Ofsted to inspect all schools by 2025 to give parents ‘up-to-date’ picture

·4-min read
Amanda Spielman, chief inspector of Ofsted (Ofsted/PA) (PA Media)
Amanda Spielman, chief inspector of Ofsted (Ofsted/PA) (PA Media)

Ofsted will inspect all schools and colleges by summer 2025 after receiving nearly £24 million in extra funding.

The Government has asked the watchdog to accelerate its inspections of schools and further education (FE) providers so parents have an “up-to-date picture” of the quality of education that children are receiving.

Ofsted says the extra £23.85 million in funding over the next three financial years will reduce the time taken to reach every school and college by a year.

It comes after headteachers have called for Ofsted inspections to be paused while schools continue to deal with effects of the coronavirus pandemic.

One school leaders’ union said the announcement felt “completely tone-deaf” amid the pressures that schools currently face.

Accelerating the rate of Ofsted inspections over the coming years will provide parents with an up-to-date picture and swifter recognition of the hard work of leaders and teachers

Education Secretary Nadhim Zahawi

Beginning with last term’s inspections, the watchdog has said all schools and FE providers will be inspected at least once by summer 2025.

All college inspections from September 2022 up to September 2025 will be full graded inspections and schools will continue to receive either graded or ungraded inspections depending on their circumstances.

Amanda Spielman, chief inspector of Ofsted, said: “Schools and colleges have worked tirelessly to teach and support children and learners, at a time when their education has been seriously disrupted.

Children only get one chance at school. Everyone working in education must do everything they can to give this generation the best possible chance to fulfil its potential.

“Ofsted will play its part – by giving parents and learners up-to-date information, and by helping schools and colleges shape their plans.”

Education Secretary Nadhim Zahawi said: “Nobody underestimates the scale of the challenge schools, colleges and other education providers have experienced through the pandemic.

“But it has also provided an opportunity to build back better and fairer, doubling down on our mission to make sure every child has the opportunity to achieve their potential.

“Accelerating the rate of Ofsted inspections over the coming years will provide parents with an up-to-date picture and swifter recognition of the hard work of leaders and teachers.”

Given the pressure schools are currently under and the recent calls to pause inspections this term, the announcement today of more to come feels completely tone-deaf

Nick Brook, deputy general secretary of NAHT

On Monday, charity Schools North East, which represents 1,150 schools in the region, called for Ofsted inspections to be suspended amid the pandemic.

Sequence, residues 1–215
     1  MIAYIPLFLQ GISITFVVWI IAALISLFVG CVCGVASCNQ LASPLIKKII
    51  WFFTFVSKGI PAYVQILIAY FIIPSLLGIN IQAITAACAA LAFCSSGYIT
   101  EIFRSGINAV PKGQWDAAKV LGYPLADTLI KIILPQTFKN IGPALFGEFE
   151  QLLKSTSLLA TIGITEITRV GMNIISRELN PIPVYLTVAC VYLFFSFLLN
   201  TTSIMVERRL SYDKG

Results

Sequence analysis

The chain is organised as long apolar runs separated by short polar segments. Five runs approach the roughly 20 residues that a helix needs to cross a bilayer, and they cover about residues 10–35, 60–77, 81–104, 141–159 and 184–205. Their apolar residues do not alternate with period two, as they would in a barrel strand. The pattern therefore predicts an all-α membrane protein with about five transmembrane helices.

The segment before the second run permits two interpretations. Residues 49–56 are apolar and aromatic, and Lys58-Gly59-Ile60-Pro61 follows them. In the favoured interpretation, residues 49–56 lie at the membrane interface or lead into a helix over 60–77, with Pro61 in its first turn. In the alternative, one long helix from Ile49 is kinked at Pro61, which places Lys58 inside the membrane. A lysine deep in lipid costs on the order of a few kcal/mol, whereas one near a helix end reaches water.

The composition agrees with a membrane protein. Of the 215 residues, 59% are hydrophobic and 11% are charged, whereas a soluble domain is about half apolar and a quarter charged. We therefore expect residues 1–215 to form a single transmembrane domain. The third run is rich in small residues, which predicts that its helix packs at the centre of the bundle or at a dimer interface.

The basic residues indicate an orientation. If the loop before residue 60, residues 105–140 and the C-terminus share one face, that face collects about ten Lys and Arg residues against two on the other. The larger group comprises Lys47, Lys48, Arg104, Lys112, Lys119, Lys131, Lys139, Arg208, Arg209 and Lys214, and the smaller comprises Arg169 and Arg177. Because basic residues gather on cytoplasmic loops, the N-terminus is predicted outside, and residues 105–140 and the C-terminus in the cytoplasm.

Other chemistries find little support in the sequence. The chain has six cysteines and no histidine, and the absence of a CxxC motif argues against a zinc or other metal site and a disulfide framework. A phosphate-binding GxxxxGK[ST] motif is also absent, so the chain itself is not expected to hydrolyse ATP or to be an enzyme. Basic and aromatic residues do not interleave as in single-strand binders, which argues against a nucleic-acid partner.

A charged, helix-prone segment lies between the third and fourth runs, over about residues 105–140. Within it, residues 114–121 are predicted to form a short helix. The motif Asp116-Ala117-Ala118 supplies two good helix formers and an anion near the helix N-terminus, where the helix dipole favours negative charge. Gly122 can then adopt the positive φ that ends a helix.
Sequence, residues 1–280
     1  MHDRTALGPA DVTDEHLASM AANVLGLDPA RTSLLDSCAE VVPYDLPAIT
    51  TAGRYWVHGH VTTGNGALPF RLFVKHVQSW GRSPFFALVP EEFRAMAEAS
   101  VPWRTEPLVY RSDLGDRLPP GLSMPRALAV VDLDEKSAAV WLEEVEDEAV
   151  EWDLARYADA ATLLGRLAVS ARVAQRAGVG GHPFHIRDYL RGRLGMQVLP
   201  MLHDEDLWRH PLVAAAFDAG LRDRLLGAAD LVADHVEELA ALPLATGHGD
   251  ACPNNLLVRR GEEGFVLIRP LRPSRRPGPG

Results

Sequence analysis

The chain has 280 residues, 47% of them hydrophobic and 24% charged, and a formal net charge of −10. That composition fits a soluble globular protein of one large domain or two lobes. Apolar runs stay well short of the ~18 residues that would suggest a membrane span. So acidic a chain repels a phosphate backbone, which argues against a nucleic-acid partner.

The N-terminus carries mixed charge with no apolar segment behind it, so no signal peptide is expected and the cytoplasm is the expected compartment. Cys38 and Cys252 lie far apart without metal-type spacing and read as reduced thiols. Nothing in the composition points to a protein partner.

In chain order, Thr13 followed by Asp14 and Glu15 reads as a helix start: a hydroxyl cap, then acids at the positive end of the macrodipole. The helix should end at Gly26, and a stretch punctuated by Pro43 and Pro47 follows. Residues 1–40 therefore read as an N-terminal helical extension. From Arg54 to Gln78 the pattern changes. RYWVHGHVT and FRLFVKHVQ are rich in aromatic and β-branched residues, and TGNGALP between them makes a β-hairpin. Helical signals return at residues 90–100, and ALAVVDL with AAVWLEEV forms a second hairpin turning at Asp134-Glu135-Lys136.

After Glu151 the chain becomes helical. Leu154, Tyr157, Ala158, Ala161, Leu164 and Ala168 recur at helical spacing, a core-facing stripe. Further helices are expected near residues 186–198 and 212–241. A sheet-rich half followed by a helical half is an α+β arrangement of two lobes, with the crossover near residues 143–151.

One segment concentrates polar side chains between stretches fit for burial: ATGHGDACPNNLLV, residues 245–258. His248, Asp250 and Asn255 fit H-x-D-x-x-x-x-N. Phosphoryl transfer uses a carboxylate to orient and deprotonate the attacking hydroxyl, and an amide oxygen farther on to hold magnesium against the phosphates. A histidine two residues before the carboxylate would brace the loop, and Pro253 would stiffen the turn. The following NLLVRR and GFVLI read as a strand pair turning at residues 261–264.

It comes after the Association of School and College Leaders (ASCL) said Ofsted should defer inspections on request as it warned that it was unfair for schools to be inspected when they are in “crisis mode”.

Julie McCulloch, director of policy at ASCL, said: “We have to say that the Government has some strange ideas about the priority for education recovery.

“It isn’t Ofsted inspections that will help children to catch up with lost learning caused by the pandemic but ensuring that schools and colleges have sufficient funding from the Government to deliver recovery programmes at the scale required.”

She added: “At the moment, many schools and colleges are still dealing with the disruption caused by the pandemic, and the prospect of also having to deal with a visit from an inspection team isn’t particularly helpful.”

Nick Brook, deputy general secretary of school leaders’ union NAHT, said: “Given the pressure schools are currently under and the recent calls to pause inspections this term, the announcement today of more to come feels completely tone-deaf.

“Schools have adapted with the times to respond to the impact of Covid, but Ofsted appear to be stuck in the past – dusting off a pre-pandemic inspection framework with little recognition that the world around them has changed.

“We are still a very long way from business as usual in schools. Ofsted seems to be unwilling to properly take into account the very significant challenges schools are still facing, as well as the impact Covid has had.”

Dr Mary Bousted, joint general secretary of the National Education Union (NEU), added: “Government ministers are showing, yet again, that they have no understanding of the exhaustion and stress felt by teachers and leaders.

“Inspection adds hugely to the stress they face coping with high rates of Covid infection in schools and college and with an inspectorate which has failed to understand, or appreciate, that Covid is still causing huge problems in our education system.”

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